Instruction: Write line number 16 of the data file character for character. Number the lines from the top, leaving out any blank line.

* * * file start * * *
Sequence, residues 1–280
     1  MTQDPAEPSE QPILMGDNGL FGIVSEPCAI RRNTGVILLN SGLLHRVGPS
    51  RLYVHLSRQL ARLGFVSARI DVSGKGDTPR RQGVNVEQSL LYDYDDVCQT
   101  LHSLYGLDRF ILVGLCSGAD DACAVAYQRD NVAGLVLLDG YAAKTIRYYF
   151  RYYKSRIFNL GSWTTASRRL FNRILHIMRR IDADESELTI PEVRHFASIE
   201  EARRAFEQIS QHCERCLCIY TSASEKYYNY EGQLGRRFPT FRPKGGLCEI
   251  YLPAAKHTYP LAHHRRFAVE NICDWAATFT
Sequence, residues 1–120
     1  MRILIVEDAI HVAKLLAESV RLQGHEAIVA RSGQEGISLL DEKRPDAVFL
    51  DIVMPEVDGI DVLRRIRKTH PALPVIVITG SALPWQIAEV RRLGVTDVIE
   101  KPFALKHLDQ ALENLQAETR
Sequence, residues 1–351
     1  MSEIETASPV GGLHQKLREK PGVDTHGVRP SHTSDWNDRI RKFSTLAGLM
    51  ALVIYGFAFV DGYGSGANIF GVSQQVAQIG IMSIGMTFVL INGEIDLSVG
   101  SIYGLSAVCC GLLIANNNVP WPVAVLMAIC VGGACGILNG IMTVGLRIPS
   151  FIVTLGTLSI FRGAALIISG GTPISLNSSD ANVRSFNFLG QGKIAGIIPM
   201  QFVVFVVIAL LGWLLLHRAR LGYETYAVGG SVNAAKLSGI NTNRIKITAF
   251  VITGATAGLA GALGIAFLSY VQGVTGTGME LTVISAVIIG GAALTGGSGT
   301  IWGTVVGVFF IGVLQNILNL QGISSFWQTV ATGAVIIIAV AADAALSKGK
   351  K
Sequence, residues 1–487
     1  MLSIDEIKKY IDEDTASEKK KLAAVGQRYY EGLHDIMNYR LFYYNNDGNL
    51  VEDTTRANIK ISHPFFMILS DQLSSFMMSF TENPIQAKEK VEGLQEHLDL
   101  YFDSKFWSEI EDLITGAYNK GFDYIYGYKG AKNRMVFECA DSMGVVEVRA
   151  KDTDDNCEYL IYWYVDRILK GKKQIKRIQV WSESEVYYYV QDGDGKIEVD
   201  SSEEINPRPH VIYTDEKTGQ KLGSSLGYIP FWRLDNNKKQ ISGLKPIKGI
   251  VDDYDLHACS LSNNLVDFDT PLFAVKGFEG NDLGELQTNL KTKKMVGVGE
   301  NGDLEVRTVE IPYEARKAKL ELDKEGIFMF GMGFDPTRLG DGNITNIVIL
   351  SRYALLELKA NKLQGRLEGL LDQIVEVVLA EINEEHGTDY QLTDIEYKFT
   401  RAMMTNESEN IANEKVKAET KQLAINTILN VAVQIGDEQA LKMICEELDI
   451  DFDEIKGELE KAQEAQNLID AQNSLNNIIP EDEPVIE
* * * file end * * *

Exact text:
   151  FIVTLGTLSI FRGAALIISG GTPISLNSSD ANVRSFNFLG QGKIAGIIPM